While recognising that the focus for ETCS has finally shifted to its roll-out, Lallemand says there are still a number of challenges which need to be tackled quickly and thoroughly.
"I see two priorities that are strategically important," Lallemand told delegates in Brussels. "First, there is the need for what we could call technological stabilisation. I am not saying that ETCS and the underlying technology should no longer evolve. We have to watch carefully that the more or less mature product we have now will not be jeopardised by adding extras which do not necessarily have much to do with the essence.
"Let me make myself clear: we have a broad and detailed set of specifications that should facilitate the roll-out of ETCS both on-board and trackside. But there continue to be obstacles that are difficult to solve. Issues like compatibility or interoperability but also guaranteeing seamless cross-border operations still remain challenging.
"That is why I am saying today: let us temporarily freeze the scope of ETCS development, finish the ongoing work and focus on deployment."
Lallemand says he is convinced that this is in the interest of all stakeholders, both infrastructure managers and railway operators, but also in the interest of the supply industry, for which it is a major challenge to have the components available in time.
"I am not asking us to ignore innovation or interconnections between different technologies, nor am I asking us to turn a blind eye," Lallemand said. "But we have to be realistic, after 25 years of system development, we owe it to ourselves and society to show results. And these results will only be achieved by fully focusing on the roll-out."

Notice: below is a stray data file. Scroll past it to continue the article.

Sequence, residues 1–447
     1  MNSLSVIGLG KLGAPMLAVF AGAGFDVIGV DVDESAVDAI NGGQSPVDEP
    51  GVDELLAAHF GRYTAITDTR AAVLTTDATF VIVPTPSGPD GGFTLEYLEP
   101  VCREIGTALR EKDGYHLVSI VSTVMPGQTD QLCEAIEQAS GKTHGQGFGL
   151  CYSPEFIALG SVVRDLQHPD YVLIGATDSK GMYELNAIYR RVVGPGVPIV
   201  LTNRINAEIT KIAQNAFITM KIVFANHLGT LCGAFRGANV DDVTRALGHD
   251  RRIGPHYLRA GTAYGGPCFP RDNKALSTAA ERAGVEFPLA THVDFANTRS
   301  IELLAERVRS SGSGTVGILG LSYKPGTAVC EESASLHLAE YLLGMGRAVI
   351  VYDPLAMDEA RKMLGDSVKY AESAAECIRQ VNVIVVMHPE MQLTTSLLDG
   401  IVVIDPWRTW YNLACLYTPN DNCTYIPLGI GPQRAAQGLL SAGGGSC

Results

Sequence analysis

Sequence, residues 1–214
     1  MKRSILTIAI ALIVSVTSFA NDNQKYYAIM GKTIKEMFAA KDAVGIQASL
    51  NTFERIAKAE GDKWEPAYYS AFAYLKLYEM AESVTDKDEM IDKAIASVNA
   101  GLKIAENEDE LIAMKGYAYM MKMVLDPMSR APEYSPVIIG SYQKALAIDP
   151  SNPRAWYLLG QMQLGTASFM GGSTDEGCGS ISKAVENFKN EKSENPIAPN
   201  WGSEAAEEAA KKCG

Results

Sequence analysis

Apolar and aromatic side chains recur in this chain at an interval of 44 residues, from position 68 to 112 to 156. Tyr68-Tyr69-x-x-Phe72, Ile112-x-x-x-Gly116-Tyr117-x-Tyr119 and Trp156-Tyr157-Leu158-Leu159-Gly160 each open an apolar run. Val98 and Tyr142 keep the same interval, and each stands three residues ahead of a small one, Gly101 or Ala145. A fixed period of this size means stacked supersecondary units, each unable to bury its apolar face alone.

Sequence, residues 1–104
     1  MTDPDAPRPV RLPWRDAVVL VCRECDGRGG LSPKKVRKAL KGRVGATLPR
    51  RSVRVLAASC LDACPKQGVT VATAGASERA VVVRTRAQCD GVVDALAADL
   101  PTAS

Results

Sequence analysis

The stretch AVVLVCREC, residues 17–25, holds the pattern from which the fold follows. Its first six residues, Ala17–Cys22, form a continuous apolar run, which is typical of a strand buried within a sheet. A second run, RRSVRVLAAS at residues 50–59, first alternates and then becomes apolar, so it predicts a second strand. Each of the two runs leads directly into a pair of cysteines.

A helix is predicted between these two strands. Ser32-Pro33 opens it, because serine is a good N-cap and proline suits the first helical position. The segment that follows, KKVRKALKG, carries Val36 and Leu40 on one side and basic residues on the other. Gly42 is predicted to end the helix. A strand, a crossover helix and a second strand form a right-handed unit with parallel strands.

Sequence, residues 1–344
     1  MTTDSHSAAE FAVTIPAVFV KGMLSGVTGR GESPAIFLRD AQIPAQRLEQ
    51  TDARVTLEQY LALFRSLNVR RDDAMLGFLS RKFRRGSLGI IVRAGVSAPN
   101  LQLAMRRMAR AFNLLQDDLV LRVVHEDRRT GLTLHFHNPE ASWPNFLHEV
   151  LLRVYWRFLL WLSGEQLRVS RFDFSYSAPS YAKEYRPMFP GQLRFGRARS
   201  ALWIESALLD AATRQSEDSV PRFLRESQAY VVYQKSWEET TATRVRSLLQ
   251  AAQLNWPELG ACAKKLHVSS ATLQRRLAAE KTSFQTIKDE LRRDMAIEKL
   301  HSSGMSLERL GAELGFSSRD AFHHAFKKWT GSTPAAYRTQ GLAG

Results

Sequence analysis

Lallemand also wants to see the business case improved. "Only when there is a certain balance between the burdens and the benefits for all individual partners will there be extended support for ETCS," he said. "This is not limited to infrastructure managers or owners of rolling stock, who are the real users of ETCS, but also the suppliers must be able to build a solid business case. Burdens and benefits should be equally distributed between all parties involved."
Lallemand says a combination of measures will be needed including technological stability, tight supervision of product compatibility, and examining alternative financing sources and co-financing which he says are essential to reinforce support for ETCS. He also called for discipline to only buy off-the-shelf products and to only offer off-the-shelf products.
"Only in this way, will a business case with a substantial investment cost and a relatively short life cycle become positive," Lallemand said. "Then we'll have a triple win for the users of ERTMS, for the supply sector and, above all, for society who will get a safer transport mode."